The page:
a guest Jun 15th, 2019 49 Never
Not a member of Pastebin yet? Sign Up, it unlocks many cool features!
  1. use core::sync::atomic::AtomicU8;
  3. /// Build a slice of bytes that can be shared with arbitrary untrusted code
  4. ///
  5. /// This is an alternative to std::slice::from_raw_parts[_mut] for cases where
  6. /// the underlying bytes are shared with arbitrary and untrusted unsafe code.
  7. /// Which is extremely dangerous, because said code has countless ways to make
  8. /// us engage in Undefined Behavior, and LLVM will eat our laundry if it ever
  9. /// finds out that we're doing that.
  10. ///
  11. /// Remember that because the bytes are shared with untrusted code, you cannot
  12. /// assume anything about the values of the bytes in the slice (e.g. that they
  13. /// can be transmuted into a valid value of a certain type T), and you cannot
  14. /// rely on the other code to use atomic memory orderings correctly for
  15. /// synchronization.
  16. ///
  17. /// # Safety
  18. ///
  19. /// You are responsible for ensuring the following safety conditions:
  20. ///
  21. /// 1. The "data" pointer is neither null nor dangling, and will remain safe to
  22. ///    dereference for the entire 'a lifetime. You do not need to care about
  23. ///    alignment because `u8` is always well-aligned.
  24. /// 2. The specified "length" does not overflow the allocation backing the
  25. ///    "data" pointer, and will never do so for the entire 'a lifetime.
  26. /// 3. No link-time optmizations are performed between you and the untrusted
  27. ///    codebase. This is necessary because some "harmless" forms of Undefined
  28. ///    Behavior cannot be avoided, and LLVM can miscompile your code if it is
  29. ///    exposed to that UB.
  30. /// 4. The underlying hardware guarantees that reading an u8 from a valid pointer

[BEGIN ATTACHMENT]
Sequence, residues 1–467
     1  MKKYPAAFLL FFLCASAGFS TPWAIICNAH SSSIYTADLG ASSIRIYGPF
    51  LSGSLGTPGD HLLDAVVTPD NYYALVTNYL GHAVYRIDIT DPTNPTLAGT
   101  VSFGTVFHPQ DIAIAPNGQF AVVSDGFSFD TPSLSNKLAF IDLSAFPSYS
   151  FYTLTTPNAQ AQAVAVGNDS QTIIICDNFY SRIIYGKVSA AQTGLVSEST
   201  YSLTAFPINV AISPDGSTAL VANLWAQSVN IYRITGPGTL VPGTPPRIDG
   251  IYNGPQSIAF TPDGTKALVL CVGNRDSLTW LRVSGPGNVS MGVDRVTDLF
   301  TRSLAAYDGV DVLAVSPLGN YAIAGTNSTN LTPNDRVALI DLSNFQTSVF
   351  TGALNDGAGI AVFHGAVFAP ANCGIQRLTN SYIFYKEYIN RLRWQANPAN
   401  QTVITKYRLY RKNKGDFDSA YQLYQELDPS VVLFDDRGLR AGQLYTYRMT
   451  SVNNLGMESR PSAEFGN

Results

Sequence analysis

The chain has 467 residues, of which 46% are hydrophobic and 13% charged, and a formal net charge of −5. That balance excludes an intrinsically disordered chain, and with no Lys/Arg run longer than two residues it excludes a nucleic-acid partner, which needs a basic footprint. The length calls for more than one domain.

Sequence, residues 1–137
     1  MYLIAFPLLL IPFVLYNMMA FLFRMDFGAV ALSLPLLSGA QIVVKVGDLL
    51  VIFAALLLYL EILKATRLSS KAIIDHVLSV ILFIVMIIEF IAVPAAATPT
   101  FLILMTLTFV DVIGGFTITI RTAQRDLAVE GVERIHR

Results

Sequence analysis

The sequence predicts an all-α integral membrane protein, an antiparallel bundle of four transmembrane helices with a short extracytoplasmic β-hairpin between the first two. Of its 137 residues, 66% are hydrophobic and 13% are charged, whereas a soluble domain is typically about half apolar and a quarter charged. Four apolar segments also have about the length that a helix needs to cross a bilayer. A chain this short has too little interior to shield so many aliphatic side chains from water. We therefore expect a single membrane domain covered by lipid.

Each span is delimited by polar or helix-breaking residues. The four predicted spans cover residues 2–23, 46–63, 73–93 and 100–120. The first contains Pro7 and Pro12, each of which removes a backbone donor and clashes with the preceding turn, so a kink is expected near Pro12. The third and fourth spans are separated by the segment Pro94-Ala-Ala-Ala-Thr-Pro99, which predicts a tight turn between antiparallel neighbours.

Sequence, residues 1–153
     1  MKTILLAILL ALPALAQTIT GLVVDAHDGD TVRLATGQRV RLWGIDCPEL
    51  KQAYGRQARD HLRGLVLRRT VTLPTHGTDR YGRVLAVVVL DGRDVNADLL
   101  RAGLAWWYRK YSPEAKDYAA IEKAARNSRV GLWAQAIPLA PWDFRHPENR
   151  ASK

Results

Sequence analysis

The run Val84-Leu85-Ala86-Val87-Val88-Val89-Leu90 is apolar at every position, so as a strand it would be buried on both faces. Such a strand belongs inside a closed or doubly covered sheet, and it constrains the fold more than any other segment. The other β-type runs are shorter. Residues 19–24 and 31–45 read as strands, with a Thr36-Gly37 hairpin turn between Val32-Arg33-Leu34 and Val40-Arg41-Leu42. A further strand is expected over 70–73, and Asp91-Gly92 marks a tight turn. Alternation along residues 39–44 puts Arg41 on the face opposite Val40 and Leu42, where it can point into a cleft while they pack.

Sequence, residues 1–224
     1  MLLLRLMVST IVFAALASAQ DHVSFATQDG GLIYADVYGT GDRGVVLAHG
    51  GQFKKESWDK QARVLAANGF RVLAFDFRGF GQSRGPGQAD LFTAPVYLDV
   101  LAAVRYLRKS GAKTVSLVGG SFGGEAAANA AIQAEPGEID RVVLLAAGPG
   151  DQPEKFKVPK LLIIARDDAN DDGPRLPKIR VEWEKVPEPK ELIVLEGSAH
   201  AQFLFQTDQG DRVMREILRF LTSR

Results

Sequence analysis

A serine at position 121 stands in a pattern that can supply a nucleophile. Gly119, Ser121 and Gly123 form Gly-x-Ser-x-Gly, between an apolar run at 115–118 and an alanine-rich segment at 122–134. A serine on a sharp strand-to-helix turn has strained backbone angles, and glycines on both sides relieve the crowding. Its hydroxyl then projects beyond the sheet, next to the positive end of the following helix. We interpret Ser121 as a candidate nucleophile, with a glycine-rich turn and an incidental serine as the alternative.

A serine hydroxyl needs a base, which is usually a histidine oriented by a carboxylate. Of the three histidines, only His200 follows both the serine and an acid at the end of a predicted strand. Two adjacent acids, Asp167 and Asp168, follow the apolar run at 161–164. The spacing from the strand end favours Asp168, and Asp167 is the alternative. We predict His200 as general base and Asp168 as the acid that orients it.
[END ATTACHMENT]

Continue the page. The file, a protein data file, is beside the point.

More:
31. ///    always yields a valid u8 value, and that writing an u8 using a valid
  32. ///    pointer always succeeds.
  33. ///
  34. /// These conditions have the following implications:
  35. ///
  36. /// - The untrusted code must be unable to manipulate the shared allocation in
  37. ///   harmful ways. In particular, it should not be able to deallocate the
  38. ///   shared allocation, resize it, or unmap it from your virtual address space.
  39. /// - This, together with condition 3, implies that the untrusted code is either
  40. ///   living in a separate OS process, or *both* linked to this process in an
  41. ///   LTO-hostile way and sandboxed in such a manner that it cannot manipulate
  42. ///   this process' memory allocations.
  43. /// - This abstraction is not suitable for exotic hardware architectures that
  44. ///   can track uninitialized memory, or for accessing "exotic" memory such as
  45. ///   memory-mapped IO and memory-mapped hardware registers.
  46. ///
  47. pub unsafe fn from_raw_parts_untrusted<'a>(data: *mut u8, length: usize) -> &'a [AtomicU8] {
  48.     core::slice::from_raw_parts(data as *const AtomicU8, length)
  49. }
RAW Paste Data
We use cookies for various purposes including analytics. By continuing to use Pastebin, you agree to our use of cookies as described in the Cookies Policy. OK, I Understand